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Hedonic Imputation versus Time Dummy Hedonic Indexes

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  • Erwin Diewert
  • Saeed Heravi
  • Mick Silver

Abstract

Statistical offices try to match item models when measuring inflation between two periods. However, for product areas with a high turnover of differentiated models, the use of hedonic indexes is more appropriate since they include the prices and quantities of unmatched new and old models. The two main approaches to hedonic indexes are hedonic imputation (HI) indexes and dummy time hedonic (HD) indexes. This study provides a formal analysis of the difference between the two approaches for alternative implementations of an index that uses weighting that is comparable to the weighting used by the Törnqvist superlative index in standard index number theory. This study shows exactly why the results may differ and discusses the issue of choice between these approaches. An illustrative study for desktop PCs is provided.

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Paper provided by National Bureau of Economic Research, Inc in its series NBER Working Papers with number 14018.

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Date of creation: May 2008
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Publication status: published as Hedonic Imputation versus Time Dummy Hedonic Indexes , W. Erwin Diewert, Saeed Heravi, Mick Silver. in Price Index Concepts and Measurement , Diewert, Greenlees, and Hulten. 2009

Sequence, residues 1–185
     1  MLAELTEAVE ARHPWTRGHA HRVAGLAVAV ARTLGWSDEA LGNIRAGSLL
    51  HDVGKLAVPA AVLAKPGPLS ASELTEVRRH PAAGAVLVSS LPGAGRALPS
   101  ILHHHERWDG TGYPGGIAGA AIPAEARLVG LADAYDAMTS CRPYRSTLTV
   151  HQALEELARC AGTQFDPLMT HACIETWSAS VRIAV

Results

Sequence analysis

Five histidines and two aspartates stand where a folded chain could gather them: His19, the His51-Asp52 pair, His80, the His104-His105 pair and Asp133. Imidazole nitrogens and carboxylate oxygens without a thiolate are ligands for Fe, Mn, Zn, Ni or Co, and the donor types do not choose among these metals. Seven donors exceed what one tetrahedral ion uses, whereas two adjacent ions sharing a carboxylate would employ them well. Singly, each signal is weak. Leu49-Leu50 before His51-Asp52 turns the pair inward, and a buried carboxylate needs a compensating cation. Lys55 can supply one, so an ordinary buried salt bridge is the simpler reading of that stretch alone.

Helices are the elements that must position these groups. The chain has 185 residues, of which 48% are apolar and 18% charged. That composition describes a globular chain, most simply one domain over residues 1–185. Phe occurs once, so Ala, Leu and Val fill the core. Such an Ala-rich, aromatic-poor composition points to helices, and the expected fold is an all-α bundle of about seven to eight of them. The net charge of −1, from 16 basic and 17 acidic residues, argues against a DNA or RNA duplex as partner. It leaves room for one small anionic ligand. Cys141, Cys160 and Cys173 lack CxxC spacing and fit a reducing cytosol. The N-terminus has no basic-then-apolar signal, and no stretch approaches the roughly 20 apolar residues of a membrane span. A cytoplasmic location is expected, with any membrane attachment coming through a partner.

Handle: RePEc:nbr:nberwo:14018

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  1. Ariel Pakes, 2002. "A Reconsideration of Hedonic Price Indices with an Application to PC's," NBER Working Papers 8715, National Bureau of Economic Research, Inc.
  2. Jack Triplett, 2004. "Handbook on Hedonic Indexes and Quality Adjustments in Price Indexes: Special Application to Information Technology Products," OECD Science, Technology and Industry Working Papers 2004/9, OECD Publishing.
  3. Feenstra, R.C., 1995. "Exact Hedonic Price Indexes," Papers 95-11, California Davis - Institute of Governmental Affairs.
  4. Silver, Mick & Heravi, Saeed, 2002. "A failure in the measurement of inflation: results from a hedonic and matched experiment using scanner data," Working Paper Series 0144, European Central Bank.
  5. W. Erwin Diewert, 2003. "Hedonic Regressions. A Consumer Theory Approach," NBER Chapters, in: Scanner Data and Price Indexes, pages 317-348 National Bureau of Economic Research, Inc.
  6. Robert C. Feenstra & Matthew D. Shapiro, 2003. "Scanner Data and Price Indexes," NBER Books, National Bureau of Economic Research, Inc, number feen03-1, July.
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Cited by:
  1. Diewert, Erwin, 2010. "Measuring Productivity in the Public Sector: Some Conceptual Problems," Economics working papers erwin_diewert-2010-6, Vancouver School of Economics, revised 13 Jul 2010.
  2. Robert J. Hill & Daniel Melser, 2007. "Comparing House Prices Across Regions and Time: An Hedonic Approach," Discussion Papers 2007-33, School of Economics, The University of New South Wales.
  3. Brachinger, Hans Wolfgang & Beer, Michael, 2009. "The Econometric Foundations of Hedonic Elementary Price Indices," DQE Working Papers 12, Department of Quantitative Economics, University of Freiburg/Fribourg Switzerland.
  4. de Haan, Jan & van der Grient, Heymerik A., 2011. "Eliminating chain drift in price indexes based on scanner data," Journal of Econometrics, Elsevier, vol. 161(1), pages 36-46, March.
  5. Raquel Arévalo Tomé & José María Chamorro Rivas, . "Geographic Heterogeneity in Housing. Evidence from Spain," Studies on the Spanish Economy 203, FEDEA.
  6. Mick Silver, 2009. "The Hedonic Country Product Dummy Method and Quality Adjustments for Purchasing Power Parity Calculations," IMF Working Papers 09/271, International Monetary Fund.

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